The MLS is trying hard to shed the reputation of being a something of a retirement home for aging European stars. Bastian Schweinsteiger, for one, is proving that he has more football left in him than some had thought.
Three years ago, Bastian Schweinsteiger was celebrating his birthday in Ibiza with Neymar weeks after winning the World Cup with Germany in Brazil. From battling, bloodied-face and all, on the pitch in Brazil to partying, Schweinsteiger looked like a man completely unfazed by turning 30.
On August 1, as Schweinsteiger blew out a few more candles on his cake, he had bounced back from a sad ending to his Munich career and a disappointing stint in Manchester to do what all sporting greats do - adapt.
Leaving Manchester for Chicago, Schweinsteiger looked yet another European player heading west to delay retirement. But in just 18 games, retirement looks further away now than it has for some time.
The Chicago Fire currently sit second in Major League Soccer's (MLS) Eastern Conference, haven't lost at home and earlier in the season enjoyed an 11-game unbeaten streak in which Schweinsteiger more than played a part. The brakes have been put on after two successive defeats, reminding that one man doesn't make a team but Chicago are still well placed.
"His ability to impose a rhythm on the game, and to control where it's played, is still unmatched," Matthew Doyle, senior writer at MLSsoccer.com, told DW.
"Schweinsteiger, along with Dax McCarty, has helped turn the Fire from one of the worst possession teams in MLS to a team that typically controls most matches," Danny Santaromita who covers Chicago Fire for CSN Chicago said. "His passing ability, vision and ability to direct traffic has changed the way the team plays."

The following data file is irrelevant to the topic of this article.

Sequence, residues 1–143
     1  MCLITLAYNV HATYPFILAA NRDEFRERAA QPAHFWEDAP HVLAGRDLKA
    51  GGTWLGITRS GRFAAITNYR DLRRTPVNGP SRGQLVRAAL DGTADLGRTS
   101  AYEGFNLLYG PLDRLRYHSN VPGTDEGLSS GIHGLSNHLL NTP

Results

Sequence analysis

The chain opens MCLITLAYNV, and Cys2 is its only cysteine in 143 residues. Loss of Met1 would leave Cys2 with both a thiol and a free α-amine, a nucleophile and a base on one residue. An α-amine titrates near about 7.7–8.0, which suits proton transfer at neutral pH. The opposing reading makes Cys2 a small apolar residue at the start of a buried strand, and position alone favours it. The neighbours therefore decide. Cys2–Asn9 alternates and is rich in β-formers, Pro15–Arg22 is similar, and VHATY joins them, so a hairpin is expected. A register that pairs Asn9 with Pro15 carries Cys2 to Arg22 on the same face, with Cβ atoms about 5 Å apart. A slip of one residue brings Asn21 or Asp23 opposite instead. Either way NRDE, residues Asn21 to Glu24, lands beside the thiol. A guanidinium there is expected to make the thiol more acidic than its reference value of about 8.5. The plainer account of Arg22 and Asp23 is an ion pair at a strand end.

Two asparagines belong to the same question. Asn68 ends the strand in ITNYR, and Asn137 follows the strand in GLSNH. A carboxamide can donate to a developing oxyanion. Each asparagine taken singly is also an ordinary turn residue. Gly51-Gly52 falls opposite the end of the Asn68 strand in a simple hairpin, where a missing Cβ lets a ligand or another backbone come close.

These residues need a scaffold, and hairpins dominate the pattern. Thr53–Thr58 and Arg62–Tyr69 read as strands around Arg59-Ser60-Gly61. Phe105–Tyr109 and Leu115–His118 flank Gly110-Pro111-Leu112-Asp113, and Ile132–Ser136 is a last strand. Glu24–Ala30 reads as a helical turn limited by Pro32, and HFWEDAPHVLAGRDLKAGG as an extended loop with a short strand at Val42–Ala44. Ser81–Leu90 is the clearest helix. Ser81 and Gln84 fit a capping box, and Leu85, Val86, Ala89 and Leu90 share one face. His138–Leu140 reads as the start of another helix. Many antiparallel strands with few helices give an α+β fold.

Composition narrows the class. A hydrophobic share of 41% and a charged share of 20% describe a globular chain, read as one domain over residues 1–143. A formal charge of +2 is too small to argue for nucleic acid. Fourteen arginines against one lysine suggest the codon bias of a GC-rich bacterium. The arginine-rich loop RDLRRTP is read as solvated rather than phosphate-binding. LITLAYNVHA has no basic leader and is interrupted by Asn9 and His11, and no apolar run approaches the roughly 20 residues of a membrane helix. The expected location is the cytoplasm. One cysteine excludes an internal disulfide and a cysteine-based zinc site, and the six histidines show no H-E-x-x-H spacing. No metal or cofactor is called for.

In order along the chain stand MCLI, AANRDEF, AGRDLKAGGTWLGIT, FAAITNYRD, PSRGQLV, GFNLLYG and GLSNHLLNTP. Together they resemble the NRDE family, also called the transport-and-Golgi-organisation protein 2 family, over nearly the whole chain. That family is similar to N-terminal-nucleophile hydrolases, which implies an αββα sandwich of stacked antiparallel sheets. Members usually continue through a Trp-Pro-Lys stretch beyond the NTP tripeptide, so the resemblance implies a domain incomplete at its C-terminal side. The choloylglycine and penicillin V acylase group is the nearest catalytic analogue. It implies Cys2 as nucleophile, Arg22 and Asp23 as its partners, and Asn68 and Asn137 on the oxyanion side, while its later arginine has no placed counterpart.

Considering Chicago were the worst side in the MLS in the last two seasons, the club's turnaround is fairly remarkable - and Schweinsteiger is at the heart of that.
"Chicago's got good talent - most of them in prime ages - from front to back. Put a player like Schweinsteiger in the middle of that, and you get beautiful, winning soccer," Doyle added.
"The perception of the club has totally flipped," Santaromita said. "A year ago the Fire struggled just to get shots on target, but now the team is revered as one of the best in the league."
It is hard to believe that the man who struggled moving from Munich to Manchester looks so comfortable in transforming Chicago. With him on the field, Chicago score more goals, have more of the ball and concede fewer. They are, in short, a different team with number 31 on it. Not is only is the team playing better, but it's also getting better. McCarty has impressed, but so too have top-scorer Nemanja Nikolic and David Accam.
Many were hesitant when the former Germany man arrived, and Schweinsteiger himself even admitted that the understanding of the game across the pond was lacking. Not only has he proved the doubters wrong, but thanks to the 500 appearances for Bayern Munich and 121 for his country he has also gone some way to improving that understanding.
The quality of football in the MLS is improving and more and more focus is being put on developing academy players. That is gradually beginning to bear fruit in the US national team, but as Doyle correctly said, "there will always be room for guys like Schweinsteiger."
Perhaps what sets Schweinsteiger apart is that he is the full package. Fire head coach Veljko Paunovic said upon Schweinsteiger's arrival: "I think we got not only a world class player, but a world class person."
Schweinsteiger attends charity events, is spotted supporting bigger sports teams in Chicago and constantly seems to tread on the tangible side of his social media management. He is a sporting hero fans feel they can relate to, a man who incorporates success the way America loves. No wonder he's already on a Chicago Fire mural in the city.
Last week, Schweinsteiger was fittingly voted captain of the MLS All-Star team to face Real Madrid on Wednesday. After the show, the 33-year-old will face a run of 13 games that could see the Fire return to the promised land. The club's last and only MLS championship came back in 1998, and the Fire haven't made the playoffs since 2009.
Last year, Chicago erupted when the Cubs won the World Series for the first time in more than seven decades. Schweinsteiger and his teammates believe they are ready to deliver the city a soccer sporting story for the ages.
In an interview with German daily "Die Welt" at the start of June, he said: "I don't know how long I'll play in the MLS."
Even if he stays for just one season, it seems yet another team in red will have benefitted from his presence for years to come.